Chapter 5

The subject of the priesthood of Christ, and His formal appointment to it by God, is here continued, with exhortations and admonitions to believers connected therewith.

Verses 1, 2.—Here we learn that the very idea of a priest is one who can “bear gently with the ignorant and the erring.” An angel would not have been fitted to fill the office: he could not have sympathized at all as he never suffered. Hence until the real High Priest became manifest, men were appointed to the priesthood, because they sympathised in measure. And so essential did God deem such sympathy to be, that until the true High Priest came, he allowed one fallen man to act as priest for others. Sometimes they failed, as in the case of Eli. When Hannah in the deep sorrow of her soul prayed in the temple, he said, “Put away the wine from thee.” He did not fully understand or sympathise. Now God has found One who has no infirmity, yet perfect sympathy, a High Priest just suited to us, able to take up the most difficult, most perplexing case, pledged to mercy and tender compassion for us, while yet upholding God’s high standard—“in things pertaining to God.” O to think of the love that found such a Priest for us! Have we ever fully perceived the love of God in that single act? He found a Saviour for us when we were lost and utterly ruined: He found a High Priest for us to succour and lift us up while passing through the wilderness, compassed with infirmity, subject to the assaults of enemies, wicked spirits puffing us up or casting us down, misapplying Scripture, and doing everything to keep us from enjoying God. O how good of God to find us One who will not leave us, or lose sight of us a moment, but guard and guide us all the way to our eternal home.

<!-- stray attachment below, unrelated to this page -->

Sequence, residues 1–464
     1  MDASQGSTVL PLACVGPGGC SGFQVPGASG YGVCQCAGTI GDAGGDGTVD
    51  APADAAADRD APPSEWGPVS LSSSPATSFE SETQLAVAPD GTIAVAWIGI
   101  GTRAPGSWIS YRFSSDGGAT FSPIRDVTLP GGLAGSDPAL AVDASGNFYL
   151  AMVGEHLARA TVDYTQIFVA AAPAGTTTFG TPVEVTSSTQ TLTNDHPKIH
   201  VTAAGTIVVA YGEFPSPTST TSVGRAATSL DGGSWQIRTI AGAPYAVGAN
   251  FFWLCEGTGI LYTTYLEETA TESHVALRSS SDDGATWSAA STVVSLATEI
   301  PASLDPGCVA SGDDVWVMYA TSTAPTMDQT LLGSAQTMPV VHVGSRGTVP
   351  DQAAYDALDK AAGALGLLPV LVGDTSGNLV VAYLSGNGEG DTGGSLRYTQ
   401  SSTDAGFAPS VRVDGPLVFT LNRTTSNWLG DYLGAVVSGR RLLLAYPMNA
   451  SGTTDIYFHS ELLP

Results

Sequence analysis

Verses 3-5.— Here we learn that Christ has been formally appointed by God to the priesthood. This was on His resurrection day, when God addressed Him in the words— “Thou art My Son, this day have I begotten Thee.” He was God’s Son before creation, but here God having loosed the bands of death (Acts 2:24), and raised Him up, declares with power that He is His Son, His co-equal (Acts 13:33 with Rom. 1:4). And thus vindicated and honoured He is appointed by God to look after us. He knows exactly what we need, and has put all our interests in His care; they all devolve on Him. Only let us heed Him, follow Him within the vail, implicitly trust and obey Him, and we need fear no evil, for God, our own God, has crowned for us a Priest who will never leave us or lift His eye from us a moment until He has brought us where He is, to that very throne on which He sits.